Rogue wave study could help with offshore platform design

New understanding of unusually large ocean waves could help inform the design of oil platforms

New understanding of unusually large ocean waves could help inform the design of oil platforms and other offshore structures, a research by the University of Edinburgh has shown.

So-called rogue waves – which are exceptionally powerful and dangerous – can be worsened when they are produced by two sets of waves crossing at a particular angle, a study has found.

This phenomenon, which has been demonstrated in an experiment for the first time, is believed to have played a part in producing a 25-meter wave, known as the Draupner wave, which struck a North Sea oil platform in 1995. Experiments carried out in a world-leading ocean research facility have shown for the first time how large waves are affected by the angle at which they intersect, the study has shown.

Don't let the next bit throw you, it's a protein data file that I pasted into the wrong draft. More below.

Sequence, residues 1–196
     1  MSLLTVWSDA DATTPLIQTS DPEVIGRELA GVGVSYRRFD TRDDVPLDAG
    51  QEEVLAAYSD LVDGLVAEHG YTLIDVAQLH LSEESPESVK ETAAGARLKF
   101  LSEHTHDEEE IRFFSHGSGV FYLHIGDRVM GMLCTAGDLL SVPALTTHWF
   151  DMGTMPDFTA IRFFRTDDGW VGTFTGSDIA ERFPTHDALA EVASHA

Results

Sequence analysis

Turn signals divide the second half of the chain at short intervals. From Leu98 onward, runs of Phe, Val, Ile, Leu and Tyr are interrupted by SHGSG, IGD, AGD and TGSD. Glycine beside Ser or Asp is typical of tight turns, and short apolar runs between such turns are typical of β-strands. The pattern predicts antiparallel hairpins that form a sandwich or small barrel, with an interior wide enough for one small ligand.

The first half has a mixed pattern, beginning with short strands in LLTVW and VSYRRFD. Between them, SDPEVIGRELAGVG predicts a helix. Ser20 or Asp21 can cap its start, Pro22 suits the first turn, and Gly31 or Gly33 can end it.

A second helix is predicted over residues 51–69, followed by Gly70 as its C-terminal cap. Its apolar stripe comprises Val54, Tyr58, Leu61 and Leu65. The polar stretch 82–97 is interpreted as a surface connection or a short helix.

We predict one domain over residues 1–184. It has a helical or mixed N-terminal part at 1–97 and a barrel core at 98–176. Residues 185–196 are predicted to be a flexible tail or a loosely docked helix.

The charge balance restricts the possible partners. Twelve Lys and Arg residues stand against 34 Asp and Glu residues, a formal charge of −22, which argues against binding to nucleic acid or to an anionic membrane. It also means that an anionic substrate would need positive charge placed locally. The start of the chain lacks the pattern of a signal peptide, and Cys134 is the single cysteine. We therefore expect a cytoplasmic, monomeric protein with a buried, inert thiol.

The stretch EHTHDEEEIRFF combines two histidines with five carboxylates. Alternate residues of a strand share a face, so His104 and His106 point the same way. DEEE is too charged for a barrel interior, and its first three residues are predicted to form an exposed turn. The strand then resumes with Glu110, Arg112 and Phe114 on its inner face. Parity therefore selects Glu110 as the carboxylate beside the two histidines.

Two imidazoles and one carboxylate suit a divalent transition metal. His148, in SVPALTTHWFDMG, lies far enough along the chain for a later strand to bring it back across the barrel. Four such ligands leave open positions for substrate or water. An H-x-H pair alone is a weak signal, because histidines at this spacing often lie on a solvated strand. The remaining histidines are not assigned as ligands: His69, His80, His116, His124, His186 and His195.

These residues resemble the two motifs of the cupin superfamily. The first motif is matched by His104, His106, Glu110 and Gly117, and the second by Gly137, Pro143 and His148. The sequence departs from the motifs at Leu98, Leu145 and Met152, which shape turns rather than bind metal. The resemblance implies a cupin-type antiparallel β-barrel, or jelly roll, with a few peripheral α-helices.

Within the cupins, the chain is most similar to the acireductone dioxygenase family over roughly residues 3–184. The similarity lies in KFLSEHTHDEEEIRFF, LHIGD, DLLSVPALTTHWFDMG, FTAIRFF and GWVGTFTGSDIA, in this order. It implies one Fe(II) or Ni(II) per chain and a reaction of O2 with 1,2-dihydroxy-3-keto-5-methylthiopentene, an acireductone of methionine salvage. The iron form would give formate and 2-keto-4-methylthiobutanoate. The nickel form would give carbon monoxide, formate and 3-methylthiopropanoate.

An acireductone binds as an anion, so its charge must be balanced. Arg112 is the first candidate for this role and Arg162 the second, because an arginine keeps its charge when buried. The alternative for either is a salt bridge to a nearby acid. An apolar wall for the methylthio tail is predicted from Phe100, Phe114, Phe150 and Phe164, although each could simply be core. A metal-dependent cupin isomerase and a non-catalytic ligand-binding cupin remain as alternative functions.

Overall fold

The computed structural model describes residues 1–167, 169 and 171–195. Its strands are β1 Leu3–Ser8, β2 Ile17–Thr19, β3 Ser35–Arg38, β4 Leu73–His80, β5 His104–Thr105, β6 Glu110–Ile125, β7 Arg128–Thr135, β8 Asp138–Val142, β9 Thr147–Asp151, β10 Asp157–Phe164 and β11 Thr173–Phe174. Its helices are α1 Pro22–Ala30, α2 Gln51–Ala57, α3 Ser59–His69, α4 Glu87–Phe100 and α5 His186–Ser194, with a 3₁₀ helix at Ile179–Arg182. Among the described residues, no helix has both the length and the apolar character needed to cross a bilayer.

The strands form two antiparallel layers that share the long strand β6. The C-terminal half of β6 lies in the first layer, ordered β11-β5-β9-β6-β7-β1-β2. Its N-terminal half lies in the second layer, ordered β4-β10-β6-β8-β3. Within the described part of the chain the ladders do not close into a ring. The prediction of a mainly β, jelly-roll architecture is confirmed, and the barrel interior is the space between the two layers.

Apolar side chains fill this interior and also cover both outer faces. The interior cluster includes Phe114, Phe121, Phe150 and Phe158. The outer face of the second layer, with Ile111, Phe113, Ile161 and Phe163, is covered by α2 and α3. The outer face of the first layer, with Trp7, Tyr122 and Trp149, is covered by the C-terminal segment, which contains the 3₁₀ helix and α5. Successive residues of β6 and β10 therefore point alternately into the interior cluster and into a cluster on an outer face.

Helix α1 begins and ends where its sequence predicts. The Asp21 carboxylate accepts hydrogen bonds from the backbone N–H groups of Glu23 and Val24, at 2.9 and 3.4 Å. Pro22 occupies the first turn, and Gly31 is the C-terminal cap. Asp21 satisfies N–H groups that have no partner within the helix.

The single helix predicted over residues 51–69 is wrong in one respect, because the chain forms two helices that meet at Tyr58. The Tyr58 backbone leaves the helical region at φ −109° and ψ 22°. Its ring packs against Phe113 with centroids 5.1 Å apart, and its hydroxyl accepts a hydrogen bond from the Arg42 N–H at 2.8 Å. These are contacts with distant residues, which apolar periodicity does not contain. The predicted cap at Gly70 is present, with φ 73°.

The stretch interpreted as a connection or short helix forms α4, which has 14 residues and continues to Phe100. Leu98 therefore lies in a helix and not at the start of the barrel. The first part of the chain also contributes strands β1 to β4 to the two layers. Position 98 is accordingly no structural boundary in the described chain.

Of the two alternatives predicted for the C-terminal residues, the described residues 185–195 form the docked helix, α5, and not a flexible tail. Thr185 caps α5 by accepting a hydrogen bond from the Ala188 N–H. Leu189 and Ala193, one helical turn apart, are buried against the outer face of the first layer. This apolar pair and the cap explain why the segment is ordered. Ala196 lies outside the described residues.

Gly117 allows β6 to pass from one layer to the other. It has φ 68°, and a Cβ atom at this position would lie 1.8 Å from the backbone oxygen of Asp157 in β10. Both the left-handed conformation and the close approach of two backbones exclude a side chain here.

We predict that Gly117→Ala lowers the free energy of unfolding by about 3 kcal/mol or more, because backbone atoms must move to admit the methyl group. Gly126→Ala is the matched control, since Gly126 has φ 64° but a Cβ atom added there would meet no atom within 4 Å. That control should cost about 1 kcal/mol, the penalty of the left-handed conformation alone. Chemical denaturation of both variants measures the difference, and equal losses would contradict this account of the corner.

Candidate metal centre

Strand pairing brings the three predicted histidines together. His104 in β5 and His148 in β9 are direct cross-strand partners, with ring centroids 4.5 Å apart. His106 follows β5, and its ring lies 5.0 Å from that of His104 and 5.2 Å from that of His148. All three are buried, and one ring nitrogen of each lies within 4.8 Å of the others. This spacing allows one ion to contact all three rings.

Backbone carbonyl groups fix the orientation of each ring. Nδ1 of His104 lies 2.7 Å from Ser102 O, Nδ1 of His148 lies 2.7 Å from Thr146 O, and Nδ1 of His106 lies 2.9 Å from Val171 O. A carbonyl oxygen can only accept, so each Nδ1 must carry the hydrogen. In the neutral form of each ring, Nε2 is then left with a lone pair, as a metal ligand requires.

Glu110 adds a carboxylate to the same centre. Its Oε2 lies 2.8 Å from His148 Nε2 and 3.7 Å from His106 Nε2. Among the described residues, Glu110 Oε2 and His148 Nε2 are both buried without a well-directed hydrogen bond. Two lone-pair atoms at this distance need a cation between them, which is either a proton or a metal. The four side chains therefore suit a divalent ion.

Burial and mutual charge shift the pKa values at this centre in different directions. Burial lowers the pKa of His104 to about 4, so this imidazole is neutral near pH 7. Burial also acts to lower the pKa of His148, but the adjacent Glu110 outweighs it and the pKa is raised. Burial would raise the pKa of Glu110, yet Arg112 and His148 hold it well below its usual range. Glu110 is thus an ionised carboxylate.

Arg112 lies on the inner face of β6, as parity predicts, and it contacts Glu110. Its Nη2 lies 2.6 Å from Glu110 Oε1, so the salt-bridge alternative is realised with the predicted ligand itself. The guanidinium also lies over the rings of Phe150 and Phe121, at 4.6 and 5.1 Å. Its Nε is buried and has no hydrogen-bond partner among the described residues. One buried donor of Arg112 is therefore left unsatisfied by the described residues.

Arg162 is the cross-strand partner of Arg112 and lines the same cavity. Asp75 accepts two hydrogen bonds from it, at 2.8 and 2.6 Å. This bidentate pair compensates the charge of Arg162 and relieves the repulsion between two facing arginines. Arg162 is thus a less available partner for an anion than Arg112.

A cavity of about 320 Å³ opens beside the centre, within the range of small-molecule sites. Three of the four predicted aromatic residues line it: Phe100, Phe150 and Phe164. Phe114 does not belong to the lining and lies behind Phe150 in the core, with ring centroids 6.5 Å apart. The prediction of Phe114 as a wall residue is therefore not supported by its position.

Researchers used the 25-meter circular testing tank to study the complex interactions that occur when waves cross in open water. Researchers showed that when waves intersect at an angle greater than approximately 60 degrees, they cause the surface level of the ocean to rise. This adds to the overall height of the combined wave that results.

Experiments were carried out in the FloWave Ocean Energy Research Facility at the University of Edinburgh, the only testing tank of its type in the world. The tank is able to simulate ocean currents and waves of any type, which are monitored using overhead sensors.

Dr. Ton van den Bremer, formerly of the University of Edinburgh’s School of Engineering, who led the study, said: “This improves understanding of rogue waves, decades after this aspect of their behavior was suggested. The more we know about this dangerous phenomenon, the better equipped we will be to design offshore structures and to navigate the oceans.”

Dr. Mark McAllister, formerly of the University of Edinburgh’s School of Engineering, who took part in the study, said: “These experiments provide new insight into how a heightened, or set-up, wave actually forms. They revealed that this behaves like a partial standing wave, which forms underneath waves as they cross. This insight allowed us to create a simple theory to predict when such waves might occur.”

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